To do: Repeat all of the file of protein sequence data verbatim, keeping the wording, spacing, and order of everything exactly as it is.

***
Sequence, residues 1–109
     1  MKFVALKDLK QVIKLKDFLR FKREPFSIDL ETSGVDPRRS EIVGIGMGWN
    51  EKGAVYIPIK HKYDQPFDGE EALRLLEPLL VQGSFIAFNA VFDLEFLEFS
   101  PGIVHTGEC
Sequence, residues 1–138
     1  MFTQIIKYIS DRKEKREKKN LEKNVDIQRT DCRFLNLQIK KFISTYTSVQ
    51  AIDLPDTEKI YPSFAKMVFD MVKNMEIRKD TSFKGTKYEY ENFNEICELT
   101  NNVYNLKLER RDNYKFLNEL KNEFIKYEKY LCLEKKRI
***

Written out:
Sequence, residues 1–109
     1  MKFVALKDLK QVIKLKDFLR FKREPFSIDL ETSGVDPRRS EIVGIGMGWN
    51  EKGAVYIPIK HKYDQPFDGE EALRLLEPLL VQGSFIAFNA VFDLEFLEFS
   101  PGIVHTGEC
Sequence, residues 1–138
     1  MFTQIIKYIS DRKEKREKKN LEKNVDIQRT DCRFLNLQIK KFISTYTSVQ
    51  AIDLPDTEKI YPSFAKMVFD MVKNMEIRKD TSFKGTKYEY ENFNEICELT
   101  NNVYNLKLER RDNYKFLNEL KNEFIKYEKY LCLEKKRI